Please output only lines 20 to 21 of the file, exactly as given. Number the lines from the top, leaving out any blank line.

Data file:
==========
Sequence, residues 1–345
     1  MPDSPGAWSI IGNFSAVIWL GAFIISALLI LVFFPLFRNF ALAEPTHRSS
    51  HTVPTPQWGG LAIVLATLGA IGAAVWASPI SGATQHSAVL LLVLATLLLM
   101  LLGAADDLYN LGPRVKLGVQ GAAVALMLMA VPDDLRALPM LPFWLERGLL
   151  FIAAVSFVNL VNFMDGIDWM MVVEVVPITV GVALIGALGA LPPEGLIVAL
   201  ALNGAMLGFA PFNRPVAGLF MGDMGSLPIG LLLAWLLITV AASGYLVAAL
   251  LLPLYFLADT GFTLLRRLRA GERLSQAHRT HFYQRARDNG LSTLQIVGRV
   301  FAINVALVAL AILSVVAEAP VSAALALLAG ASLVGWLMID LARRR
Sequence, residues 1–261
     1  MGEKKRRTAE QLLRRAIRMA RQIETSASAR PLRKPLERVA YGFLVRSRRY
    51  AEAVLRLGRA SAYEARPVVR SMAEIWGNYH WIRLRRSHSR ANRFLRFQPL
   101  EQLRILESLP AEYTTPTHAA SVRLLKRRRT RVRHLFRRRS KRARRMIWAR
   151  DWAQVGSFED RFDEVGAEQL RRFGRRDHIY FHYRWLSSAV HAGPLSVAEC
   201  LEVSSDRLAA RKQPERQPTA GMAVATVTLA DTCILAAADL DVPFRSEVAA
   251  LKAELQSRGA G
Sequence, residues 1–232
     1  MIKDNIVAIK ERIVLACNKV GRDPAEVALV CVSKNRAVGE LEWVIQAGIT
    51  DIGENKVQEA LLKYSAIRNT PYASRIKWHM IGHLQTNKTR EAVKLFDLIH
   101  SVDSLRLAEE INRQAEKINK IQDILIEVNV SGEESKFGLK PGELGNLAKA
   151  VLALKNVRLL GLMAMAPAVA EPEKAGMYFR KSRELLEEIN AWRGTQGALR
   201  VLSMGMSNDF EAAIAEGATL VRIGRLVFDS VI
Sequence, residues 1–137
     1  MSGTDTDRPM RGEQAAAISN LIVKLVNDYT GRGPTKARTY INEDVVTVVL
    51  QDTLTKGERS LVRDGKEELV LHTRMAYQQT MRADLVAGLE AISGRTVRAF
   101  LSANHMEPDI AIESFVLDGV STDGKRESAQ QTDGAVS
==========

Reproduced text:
   151  VLALKNVRLL GLMAMAPAVA EPEKAGMYFR KSRELLEEIN AWRGTQGALR
   201  VLSMGMSNDF EAAIAEGATL VRIGRLVFDS VI